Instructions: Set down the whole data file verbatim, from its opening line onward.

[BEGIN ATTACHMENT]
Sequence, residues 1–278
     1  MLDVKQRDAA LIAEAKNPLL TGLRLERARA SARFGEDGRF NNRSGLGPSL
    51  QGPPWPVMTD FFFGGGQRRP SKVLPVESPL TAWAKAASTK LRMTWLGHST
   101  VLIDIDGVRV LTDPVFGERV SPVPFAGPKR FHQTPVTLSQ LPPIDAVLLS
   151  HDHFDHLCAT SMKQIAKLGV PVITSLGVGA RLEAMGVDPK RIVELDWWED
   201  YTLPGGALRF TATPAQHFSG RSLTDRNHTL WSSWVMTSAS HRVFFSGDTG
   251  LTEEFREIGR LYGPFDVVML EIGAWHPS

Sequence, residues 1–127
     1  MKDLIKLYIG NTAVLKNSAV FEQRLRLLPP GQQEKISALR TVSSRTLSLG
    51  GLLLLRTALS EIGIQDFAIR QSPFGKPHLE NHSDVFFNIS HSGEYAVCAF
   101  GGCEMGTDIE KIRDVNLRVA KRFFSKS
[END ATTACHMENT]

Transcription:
Sequence, residues 1–278
     1  MLDVKQRDAA LIAEAKNPLL TGLRLERARA SARFGEDGRF NNRSGLGPSL
    51  QGPPWPVMTD FFFGGGQRRP SKVLPVESPL TAWAKAASTK LRMTWLGHST
   101  VLIDIDGVRV LTDPVFGERV SPVPFAGPKR FHQTPVTLSQ LPPIDAVLLS
   151  HDHFDHLCAT SMKQIAKLGV PVITSLGVGA RLEAMGVDPK RIVELDWWED
   201  YTLPGGALRF TATPAQHFSG RSLTDRNHTL WSSWVMTSAS HRVFFSGDTG
   251  LTEEFREIGR LYGPFDVVML EIGAWHPS

Sequence, residues 1–127
     1  MKDLIKLYIG NTAVLKNSAV FEQRLRLLPP GQQEKISALR TVSSRTLSLG
    51  GLLLLRTALS EIGIQDFAIR QSPFGKPHLE NHSDVFFNIS HSGEYAVCAF
   101  GGCEMGTDIE KIRDVNLRVA KRFFSKS